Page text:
I run the E28 full open throttle, meaning I do not use its remote volume control. Instead I use my own multichannel analog preamp and have the E28 set at 0db. I did test the remote volume and find it to be fine, but like most remote volume DACS I tend to prefer, in my own system, the sonic traits of running through a dedicated preamplifier. YMMV. However, realize that a remote volume does indeed allow you to use this without a multichannel preamp involved (i.e direct to amps).
One final (we hope) setup caveat: As mentioned in my cursory E20 thread review, I love the fact that George and his exaSound team created a product set that allow them to spend its R&D $$ on what’s in the box, and provides us users with an easily upgradeable external power supply. The stock one supplied is a nice enough SMPS laptop-like design, but I jettisoned it after initial listening. I am using my Hynes SR3-12 linear power supply for all the remaining evaluation. The differences heard were immediate and uncompromising: better heft and weight, lower noise floor and more stable soundstage. The stock SMPS (2.5mm dc plug) provides a very fine sound, easily livable, but for $200 (yes I stole the SR3-12) the upgrade was a no-brainer. (Note: it is available new for $500, and found on used sites for around $350; other 12V 1.5A linear options exist all over the net).
DSD and PCM Multichannel Playback
My multichannel sources were limited to 5.1 DSD64 and no-greater than 24/192 5.1 PCM music. Why? Two reasons: 99.9% of all multichannel material is currently max’d at DSD64 or 24/96; and secondly my CAPS Lagoon Atom-based pc does not have the cpu cycles to run multiple channels of DXD/352.8k (my most cpu-intensive multichannel material) without hiccups. Did I say the E28 was future-proof?
I have a vast catalog of ripped SACD DSF files in both 2 channel and multichannel (where available). I also have dozens of ripped DVD-Audio PCM-based albums, and some new multichannel files via download sites. Downloaded multichannel?? Yes, sites like Morten Lindberg’s wonderful 2L Recordings and Itrax (Mark Waldrep’s AIX recordings) have been allowing for multichannel PCM downloads for some time now. And soon many DSD recordings will be available. Jared Sacks’ Channel Classics began selling multichannel DFF downloads several months ago, and I have been tasked with the wonderful job of helping his label get ALL of their native DSD recordings ready for a new sister download site complete with searchable tags (yes, DSF format). My job is to ready the metadata/tags for the almost-200 albums. The site will be open to other labels, as well, so we are standardizing the tagging nomenclature, and getting it ready for all DSD-capable software players to handle (DSD tagging, especially for classical recordings, is a whole subject for another time ). I am not being paid for this task, but offered to help due to the experiences I’ve had doing 2 channel DSF tagging. If you’ve not heard Jared’s recordings, do yourself a favor and try one or two, there are samples on his Channel Classics site. Jared’s project is not the only one going on out there. Many DSD labels are readying their sites for download. Cookie Marenco is actively pursuing it for her multichannel content (she led the way in 2 channel DSD download site availability), as are many others. It’s an early adopter period, but one that will soon see the fruits of this initial traction. Lord knows there is plenty of source material.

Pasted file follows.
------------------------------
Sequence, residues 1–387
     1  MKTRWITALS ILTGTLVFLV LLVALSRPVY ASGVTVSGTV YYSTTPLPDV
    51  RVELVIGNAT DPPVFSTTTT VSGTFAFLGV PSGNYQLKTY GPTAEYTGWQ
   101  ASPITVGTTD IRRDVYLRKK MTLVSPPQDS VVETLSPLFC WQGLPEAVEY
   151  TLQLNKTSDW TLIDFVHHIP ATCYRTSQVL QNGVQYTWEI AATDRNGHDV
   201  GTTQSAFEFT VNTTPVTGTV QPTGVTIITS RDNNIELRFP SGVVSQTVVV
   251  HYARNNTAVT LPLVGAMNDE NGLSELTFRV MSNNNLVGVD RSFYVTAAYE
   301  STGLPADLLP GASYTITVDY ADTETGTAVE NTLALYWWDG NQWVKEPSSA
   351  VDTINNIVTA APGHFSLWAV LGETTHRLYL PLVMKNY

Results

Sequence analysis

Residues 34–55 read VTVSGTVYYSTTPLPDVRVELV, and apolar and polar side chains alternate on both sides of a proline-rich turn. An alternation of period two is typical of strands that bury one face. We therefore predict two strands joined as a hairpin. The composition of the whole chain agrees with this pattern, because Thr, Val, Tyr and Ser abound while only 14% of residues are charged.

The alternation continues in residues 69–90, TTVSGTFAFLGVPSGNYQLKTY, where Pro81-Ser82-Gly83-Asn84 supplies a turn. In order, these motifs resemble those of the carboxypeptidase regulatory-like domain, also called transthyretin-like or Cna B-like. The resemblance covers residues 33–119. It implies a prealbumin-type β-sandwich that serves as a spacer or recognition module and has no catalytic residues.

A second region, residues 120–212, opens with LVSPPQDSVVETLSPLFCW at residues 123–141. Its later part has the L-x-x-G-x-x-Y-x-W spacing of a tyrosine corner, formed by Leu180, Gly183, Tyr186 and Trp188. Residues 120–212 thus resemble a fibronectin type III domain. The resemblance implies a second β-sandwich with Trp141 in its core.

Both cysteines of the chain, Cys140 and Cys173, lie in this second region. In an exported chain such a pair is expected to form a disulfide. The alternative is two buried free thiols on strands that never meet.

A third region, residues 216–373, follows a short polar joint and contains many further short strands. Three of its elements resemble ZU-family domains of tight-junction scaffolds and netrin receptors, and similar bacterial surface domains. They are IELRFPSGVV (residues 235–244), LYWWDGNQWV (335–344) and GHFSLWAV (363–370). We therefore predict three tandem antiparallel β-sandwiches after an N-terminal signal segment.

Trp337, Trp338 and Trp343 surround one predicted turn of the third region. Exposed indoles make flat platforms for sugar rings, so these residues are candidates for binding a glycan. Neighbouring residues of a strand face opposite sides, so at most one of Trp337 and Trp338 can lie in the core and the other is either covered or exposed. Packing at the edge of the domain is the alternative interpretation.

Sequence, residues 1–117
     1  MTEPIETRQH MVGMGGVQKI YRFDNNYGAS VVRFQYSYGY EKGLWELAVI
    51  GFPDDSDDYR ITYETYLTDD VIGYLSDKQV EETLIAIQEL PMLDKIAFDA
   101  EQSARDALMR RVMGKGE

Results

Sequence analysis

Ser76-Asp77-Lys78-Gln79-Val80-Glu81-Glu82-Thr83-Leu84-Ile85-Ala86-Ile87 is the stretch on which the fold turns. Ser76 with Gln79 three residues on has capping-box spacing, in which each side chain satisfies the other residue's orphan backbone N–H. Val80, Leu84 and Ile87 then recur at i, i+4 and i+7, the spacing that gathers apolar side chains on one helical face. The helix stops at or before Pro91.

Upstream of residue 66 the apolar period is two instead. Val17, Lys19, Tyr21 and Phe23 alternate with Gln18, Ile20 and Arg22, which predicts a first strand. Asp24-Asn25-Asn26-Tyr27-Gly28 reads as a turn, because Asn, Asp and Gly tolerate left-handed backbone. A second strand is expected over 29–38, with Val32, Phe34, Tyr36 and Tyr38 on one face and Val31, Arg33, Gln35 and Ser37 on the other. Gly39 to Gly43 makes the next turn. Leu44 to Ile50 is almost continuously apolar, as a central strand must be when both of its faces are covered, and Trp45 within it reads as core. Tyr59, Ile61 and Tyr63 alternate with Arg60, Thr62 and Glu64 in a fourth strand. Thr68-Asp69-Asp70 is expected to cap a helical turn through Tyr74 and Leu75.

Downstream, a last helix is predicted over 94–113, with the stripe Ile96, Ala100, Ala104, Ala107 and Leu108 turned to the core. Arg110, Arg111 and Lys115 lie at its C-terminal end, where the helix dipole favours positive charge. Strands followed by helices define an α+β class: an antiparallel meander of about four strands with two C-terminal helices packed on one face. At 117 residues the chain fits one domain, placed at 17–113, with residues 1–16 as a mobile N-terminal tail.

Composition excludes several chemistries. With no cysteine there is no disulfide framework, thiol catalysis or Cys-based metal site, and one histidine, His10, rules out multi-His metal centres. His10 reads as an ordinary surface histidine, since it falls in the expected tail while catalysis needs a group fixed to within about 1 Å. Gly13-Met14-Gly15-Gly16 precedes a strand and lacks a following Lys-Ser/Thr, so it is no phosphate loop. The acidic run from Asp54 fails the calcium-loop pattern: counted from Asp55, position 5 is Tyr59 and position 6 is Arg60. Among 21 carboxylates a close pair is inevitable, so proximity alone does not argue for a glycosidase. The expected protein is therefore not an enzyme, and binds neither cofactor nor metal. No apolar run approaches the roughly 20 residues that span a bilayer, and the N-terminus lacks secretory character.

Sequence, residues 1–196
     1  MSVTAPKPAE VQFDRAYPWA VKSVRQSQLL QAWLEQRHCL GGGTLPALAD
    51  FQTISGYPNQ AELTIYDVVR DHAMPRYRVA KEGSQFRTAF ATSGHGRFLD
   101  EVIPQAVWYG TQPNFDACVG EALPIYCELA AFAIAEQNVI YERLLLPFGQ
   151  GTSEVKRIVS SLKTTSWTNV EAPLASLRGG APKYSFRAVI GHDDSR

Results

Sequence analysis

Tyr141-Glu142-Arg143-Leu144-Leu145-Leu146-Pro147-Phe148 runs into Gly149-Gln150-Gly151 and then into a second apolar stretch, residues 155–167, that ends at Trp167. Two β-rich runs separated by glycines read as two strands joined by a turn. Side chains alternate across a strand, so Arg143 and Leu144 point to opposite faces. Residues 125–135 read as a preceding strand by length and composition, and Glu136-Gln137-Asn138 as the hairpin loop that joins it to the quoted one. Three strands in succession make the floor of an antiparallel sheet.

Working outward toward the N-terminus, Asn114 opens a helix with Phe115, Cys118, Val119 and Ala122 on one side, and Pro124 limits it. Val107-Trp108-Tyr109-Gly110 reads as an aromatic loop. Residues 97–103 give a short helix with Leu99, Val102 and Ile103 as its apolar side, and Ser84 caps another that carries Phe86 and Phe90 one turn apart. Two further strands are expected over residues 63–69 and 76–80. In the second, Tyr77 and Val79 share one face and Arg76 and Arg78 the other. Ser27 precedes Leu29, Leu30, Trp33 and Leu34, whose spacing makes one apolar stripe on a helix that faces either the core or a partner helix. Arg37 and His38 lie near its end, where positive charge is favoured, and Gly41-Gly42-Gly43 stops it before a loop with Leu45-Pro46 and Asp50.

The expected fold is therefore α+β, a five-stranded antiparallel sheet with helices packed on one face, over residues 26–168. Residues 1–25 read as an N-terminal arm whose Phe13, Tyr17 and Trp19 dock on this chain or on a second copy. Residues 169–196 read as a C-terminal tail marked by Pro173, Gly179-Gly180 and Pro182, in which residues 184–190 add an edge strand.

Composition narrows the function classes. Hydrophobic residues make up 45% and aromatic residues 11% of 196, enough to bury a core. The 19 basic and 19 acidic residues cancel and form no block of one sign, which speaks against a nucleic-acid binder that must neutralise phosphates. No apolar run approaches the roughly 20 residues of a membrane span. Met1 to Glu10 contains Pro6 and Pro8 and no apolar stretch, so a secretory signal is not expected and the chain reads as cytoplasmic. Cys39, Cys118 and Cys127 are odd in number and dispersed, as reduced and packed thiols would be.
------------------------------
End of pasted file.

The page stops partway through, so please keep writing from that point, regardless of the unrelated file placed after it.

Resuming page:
Ok, so how does the E28 sound? Great! George Klissarov and team have figured out a way, for less than $3300 (and less than $2500 in the E20) to harness the incredible detail and resolving power of the 9018 chip, and yet tame its (IMHO) often-aggressive leading edge and Hubble-like resolution-beyond-what-is needed. The musicality of this DAC, like its stereo cousin, is amazingly liquid and organic, with great timbres (colors) and rich harmonics (saturation). This evaluation is not intended to be a comparative one (there was too much time in between hearing the E28 and the Mytek stack to say anything other than that the sonic differences via short-term memory aren’t worth writing about) and I haven’t heard the Metric Halo LIO-8 in multichannel mode for over 2 years, but there is nothing in either the E28’s DSD or PCM multichannel performance to say it is lacking for any multichannel fan. It is a bar that has been set; I’d LOVE to hear a multichannel setup that “blows it away”.
For those interested in its stereo capabilities, I did compare it to my memory of the E20 (unfair at best), and I will state that it is more detailed, but seems the E20 has a little bit lower distortion, better noise floor (likely the addtl parallel DAC channels) and overall I slightly prefer the E20, which by itself is somewhat of a giant-killer. But back to its true strengths, multichannel.
For the “realism” category of great hirez multichannel music I played several selections from Channel Classics, Chandos, Pentatone and some 2L DSD and PCM surround tracks (2L’s catalog falls into both realism and adventure categories). For the DSF tagging project I have the added pleasure of working with Tom Caulfield, our own tailspn here at CA, the Grammy-winning recording engineer on Chandos’s Life And Breath, a Rene Clausen chorale recording by the Kansas City Chorale. The sense of space, not huge space, but that of a space much larger than one’s listening room is awe-inducing. It is not over-the-top by any means, and you’d swear the rear speakers are not on, but remove them and hear the church walls disintegrate and the sound become less than real. Those ambient cues are often a mess in standard SACD/universal playback, as the clocking and quality of the power supply and analog stage here is VERY important. Conversely, when the timing is right, the cues tell the brain that you are indeed transported. Very nice!!